As proof, I offer the exceptionally high rate of failure in American television networks that spend millions on programming departments, focus groups, surveys, polls, and other means to determine what viewers will watch in the greatest numbers and with greatest regularity. Approximately four out of five new shows, at the very most, survive their first months and turn a profit with advertisers. The same is true of movies and books, and the truer number might be one out of ten, or fifteen. In fact, for the last thirty years, since “The Godfather”, “American Graffiti”, “The Exorcist”, “Jaws”, “Towering Inferno”, “Star Wars”, “Close Encounters”and “Animal House”, American studios and producers have almost all relied on hugely successful movies – called “home runs” – to pay for the lesser movies that attract smaller audiences. This phenomenon occurs in publishing and music as well.

Good writing, I submit, occupies our continuum between these extremes. We all have somewhat different concepts of what good writing is, but most of us would agree it involves a high level of interest, a strong availability of identification for the reader, a subject of importance, enjoyable characterization, compelling human stories, fineness of writing, a reader perception of significance to his life, verisimilitude, lifelike dialogue, a strong degree of compactness, and in some way, an investigation of truth, whatever the writer may believe it to be and therefore convinces us.

That doesn’t sound like an order any writer would likely undertake simply to please himself, does it? Although it is common for writers to learn about themselves and life from the process of writing, probably more in journals and biography, the learning probably does not justify the exquisite agony and difficulty of writing a good novel, from conception of an idea through to hearing how readers react to it, whether one or many years later. It’s not an enterprise someone is likely to complete without a desire to communicate beyond oneself.

I’m sure Faulkner and my writer friends knew this. By saying they wrote for themselves, they meant choosing stories, characters, themes, settings, and scenes of strong interest to them. That they are trying to appeal to readers – that is, find a market or a readership – is implicit in what they do. In Faulkner’s case, he had a complex vision of humanity and an unusual way of expressing it, which he elected to persevere with, despite his previous marginal success, because it was worth the effort to him and he wanted to communicate it. He did not write novels to remain on the shelves of his home, unread by anyone else. Who does?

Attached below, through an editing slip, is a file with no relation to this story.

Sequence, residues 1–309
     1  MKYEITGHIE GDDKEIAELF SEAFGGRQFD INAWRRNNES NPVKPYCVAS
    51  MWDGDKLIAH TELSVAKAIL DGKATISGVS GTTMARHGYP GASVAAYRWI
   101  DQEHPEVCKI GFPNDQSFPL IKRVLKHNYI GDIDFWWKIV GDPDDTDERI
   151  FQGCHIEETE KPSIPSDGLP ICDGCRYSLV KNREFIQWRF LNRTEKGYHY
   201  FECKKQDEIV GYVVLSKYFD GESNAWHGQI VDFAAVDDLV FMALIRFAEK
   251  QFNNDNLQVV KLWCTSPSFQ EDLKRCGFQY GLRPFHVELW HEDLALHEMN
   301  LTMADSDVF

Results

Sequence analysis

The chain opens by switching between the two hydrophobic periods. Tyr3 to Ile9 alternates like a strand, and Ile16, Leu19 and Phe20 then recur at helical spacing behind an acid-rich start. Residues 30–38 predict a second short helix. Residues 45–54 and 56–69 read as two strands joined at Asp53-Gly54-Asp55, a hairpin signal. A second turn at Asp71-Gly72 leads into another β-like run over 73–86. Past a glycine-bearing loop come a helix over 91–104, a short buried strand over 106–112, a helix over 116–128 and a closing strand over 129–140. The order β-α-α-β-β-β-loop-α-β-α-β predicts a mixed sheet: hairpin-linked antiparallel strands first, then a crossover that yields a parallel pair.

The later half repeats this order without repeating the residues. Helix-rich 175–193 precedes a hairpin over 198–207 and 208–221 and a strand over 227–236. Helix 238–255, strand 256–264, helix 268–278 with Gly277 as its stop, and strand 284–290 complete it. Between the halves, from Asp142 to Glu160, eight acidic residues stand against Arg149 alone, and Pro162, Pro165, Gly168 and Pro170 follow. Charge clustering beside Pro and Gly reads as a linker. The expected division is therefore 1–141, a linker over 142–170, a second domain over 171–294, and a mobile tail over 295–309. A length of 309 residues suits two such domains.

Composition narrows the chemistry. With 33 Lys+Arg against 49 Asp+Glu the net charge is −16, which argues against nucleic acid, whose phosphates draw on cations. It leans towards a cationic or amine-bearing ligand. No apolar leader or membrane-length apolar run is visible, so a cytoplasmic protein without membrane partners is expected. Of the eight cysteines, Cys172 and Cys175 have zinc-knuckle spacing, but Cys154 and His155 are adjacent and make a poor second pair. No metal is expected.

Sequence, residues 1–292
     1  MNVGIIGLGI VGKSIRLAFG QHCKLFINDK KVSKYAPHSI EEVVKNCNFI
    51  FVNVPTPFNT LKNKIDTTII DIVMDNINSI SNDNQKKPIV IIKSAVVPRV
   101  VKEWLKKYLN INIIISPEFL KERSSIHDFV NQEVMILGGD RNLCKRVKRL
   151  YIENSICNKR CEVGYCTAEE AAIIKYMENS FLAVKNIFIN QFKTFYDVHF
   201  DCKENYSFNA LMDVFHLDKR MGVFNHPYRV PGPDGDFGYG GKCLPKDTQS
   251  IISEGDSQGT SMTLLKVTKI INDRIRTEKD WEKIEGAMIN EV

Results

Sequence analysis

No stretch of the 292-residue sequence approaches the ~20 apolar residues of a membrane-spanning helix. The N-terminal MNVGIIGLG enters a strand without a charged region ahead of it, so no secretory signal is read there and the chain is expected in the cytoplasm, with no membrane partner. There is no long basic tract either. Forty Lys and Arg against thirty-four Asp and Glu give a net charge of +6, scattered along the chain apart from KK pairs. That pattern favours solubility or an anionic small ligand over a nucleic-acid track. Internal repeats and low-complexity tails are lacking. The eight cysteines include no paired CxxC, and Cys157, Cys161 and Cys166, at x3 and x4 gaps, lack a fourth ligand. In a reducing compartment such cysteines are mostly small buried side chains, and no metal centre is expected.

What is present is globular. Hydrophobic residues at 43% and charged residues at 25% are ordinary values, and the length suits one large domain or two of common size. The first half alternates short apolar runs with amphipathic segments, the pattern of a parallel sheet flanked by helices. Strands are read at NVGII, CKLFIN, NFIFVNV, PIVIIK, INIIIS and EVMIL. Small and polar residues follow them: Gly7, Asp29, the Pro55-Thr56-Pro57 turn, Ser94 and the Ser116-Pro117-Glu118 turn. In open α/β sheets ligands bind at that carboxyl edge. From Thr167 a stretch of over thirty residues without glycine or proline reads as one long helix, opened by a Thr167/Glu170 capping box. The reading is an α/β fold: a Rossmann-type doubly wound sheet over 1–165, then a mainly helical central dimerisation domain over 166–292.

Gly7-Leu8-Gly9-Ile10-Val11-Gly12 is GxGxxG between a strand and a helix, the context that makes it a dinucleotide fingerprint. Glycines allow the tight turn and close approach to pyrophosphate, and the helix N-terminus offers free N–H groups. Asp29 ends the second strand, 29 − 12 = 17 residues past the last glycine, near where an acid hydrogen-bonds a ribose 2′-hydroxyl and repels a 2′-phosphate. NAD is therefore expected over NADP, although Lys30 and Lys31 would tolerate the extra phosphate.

Every unpublished writer should understand the continuum described above, and why the wise course is almost invariably somewhere in the middle. When I described all the best qualities of a good novel. certainly not every kind of novel or short story was included. Escapism or as it was formerly called, pulp fiction, is obviously legitimate, too, as something people read for pleasure primarily, and possibly for no other purpose. Books in this category had better be entertaining to someone beyond the writer, hadn’t they?

If a writer is motivated to reach as far as she can in the direction of the acknowledged greatest writers – from Richardson or Defoe to Rushdie, Murakami and Kingsolver, let’s say, in our current era – she must deliver writing with all these virtues, as best she can. In other words, her writing must please people who require that specific values of excellence be met.

There is no escaping it, finally. Write only to please yourself if you please, but if you’d like to see your books published and read as widely as possible, craft them to please, entertain, and fulfill reader interests. It’s not easy at all, but trying one’s best is the fun of it. Unless a writer enjoys writing to a spectacular degree, he’s in the wrong profession, even if his books sell by the millions. As Dorothy Parker once said, “Writing is easy. You put a blank piece of paper into your typewriter and wait until drops of blood pop out of your forehead.”

Copyright Paul Saevig 2002